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Abdirizak Haji Hussein: The Audacious and Principled Leader

By Abdulrahman Baadiyow

Somali Prime Minister Abdirizak Haji Hussein is portrayed as an audacious reformer and principled leader in historical accounts and assessments. President Adan Abdulle Osman recognized Hussein’s potential as a statesman due to his energy and honesty, contrasting him with the corrupt political class. Hussein’s integrity posed a threat to entrenched interests and deep state establishment, making him stand out in a political environment marred by corruption and resistance to change.

Former Prime Minister Abdirizak Haji Hussein

In culturally divided societies plagued by corruption, the role of a reformer is challenging, but individuals like Abdirizak H. Hussein possess the audacity and integrity to confront these challenges. Understanding the short bio of such an exceptional leader while acknowledging his human fallibility is crucial, as his story serves as a lesson and inspiration for politicians and conscious educators. Nations led by principled leaders prosper, while those misled by pseudo-leaders face decline and may fail and collapse, as Somalia experienced in 1991.  

1. Brief bio of Abdulrazak H. Hussein

The biography of Abdirizak H. Hussein and his political legacy was made possible by a meticulous examination of four works: “Africa’s First Democrats” authored by Abdi Samatar, “President Adan’s Live and Legacy” and “Somalia: Untold History” penned by Mohamed Trunji, and the memoir Abdirizak H. Hussein.[1] Abdirizak H. Hussein was born around 1924/25 in the Nugal region in Puntland, Somalia. His father, Haji Hussein, held status as a respected elder within the Majeerteen/Omar Mohamud sub-clan. Despite losing his mother and father at a young age, Abdirizak’s upbringing reflected the resilience and resourcefulness typical of Somali nomadic tradition.

Working as a camel boy for the family during his formative years instilled in him a sense of responsibility and practical skills. His early experiences shaped his perseverance, hard work, and courage values. Abdirizak’s commitment to education led him to attend Quranic and Islamic schools in Eil and Galkayo. Despite facing adversity, he remained steadfast in his pursuit of knowledge, influenced by the teachings of prominent scholars.[2] These experiences profoundly shaped Abdirizak’s worldview and leadership approach.

In 1937, Abdirizak H. Hussein traveled to Mogadishu by chance to see his brother, but he enrolled in an Italian school that was closed due to the World War in 1939. Following the British occupation of Mogadishu in 1941, Abdirizak was employed by the British Military Administration (BMA). He joined a signal squadron in 1943, experiencing rigorous military training and participating in various military campaigns across several towns under BMA in the Western Somali territories. A critical event occurred in Qallafo when he stood up against oppressive and humiliating actions by a British officer, leading to his imprisonment and subsequent trial in Mogadishu, where he was ultimately acquitted. Then, he traveled to Dire Dawa to accompany his brother; however, this was not realized. He met influential members of SYL in Dire Dawa, frequented the study circle of Sheikh Azhari, and joined the Somali Youth League (SYL) in 1944.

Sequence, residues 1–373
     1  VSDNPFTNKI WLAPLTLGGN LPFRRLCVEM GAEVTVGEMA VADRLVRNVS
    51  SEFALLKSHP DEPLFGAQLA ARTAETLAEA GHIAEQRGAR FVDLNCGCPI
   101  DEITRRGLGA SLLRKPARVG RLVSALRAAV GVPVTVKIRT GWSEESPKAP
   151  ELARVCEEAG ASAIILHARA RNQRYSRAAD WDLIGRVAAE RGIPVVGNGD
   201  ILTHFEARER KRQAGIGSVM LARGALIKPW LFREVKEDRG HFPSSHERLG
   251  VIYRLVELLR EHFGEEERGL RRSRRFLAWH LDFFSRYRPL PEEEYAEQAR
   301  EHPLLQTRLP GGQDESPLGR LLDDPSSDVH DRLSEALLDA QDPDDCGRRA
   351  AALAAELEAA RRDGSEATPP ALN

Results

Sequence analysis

Returning to Mogadishu, Abdirizak resumed a signal civilian service and was transferred to Isku-Shuban, where he met a clerk, Abdirashid Ali Sharmarke, and a SYL member, and both recruited more members for SYL. Later, he was transferred to Baidoa in 1948. However, with the return of Italy in 1950 and SYL being designated as opposition to Italy’s return, Abdirizak was persecuted by Italian authorities with a fascist background, imprisoned, and tortured. Police inspector Daud Abdulle Hirsi rescued the life of Abdirizak, calling the attention of the higher authority. Thus, Abdirizak was hospitalized and transferred to Mogadishu prison, where he was released after nine months. Abdirizak traveled to Galkayo, established a notary public office there, and continued his activism with SYL. In 1953, he accepted a political officer position in the office of the Egyptian Ambassador Kamalu Addin Salah.

Abdirizak was elected to become the chairman of SYL in 1956 while delivering the petition in New York. He replaced Adan Abdulle, who was elected speaker of the new parliament.  However, Abdirizak resigned in 1957 due to internal conflicts within the party. Continuing his political activism, he was elected a Member of Parliament from the Nugal District in 1959. In addition to his political roles, he held significant positions within educational institutions. He was president of the Higher Institute of Law and Economics and the University Institute. Upon Somalia’s independence, Abdirizak served as Minister of the Interior from 1960 to 1962 and Minister of Public Works from 1962 to 1964. He demonstrated a strong commitment to effective governance during his tenure. From June 14, 1964, to July 15, 1967, Abdirizak served as Prime Minister, leading extensive reform programs and anti-corruption initiatives. Despite opposition from anti-reform politicians and elements within the deep state, President Adan Abdulle Osman appointed Abdirizak twice as PM of Somalia and strongly supported his reform program and efforts.[3]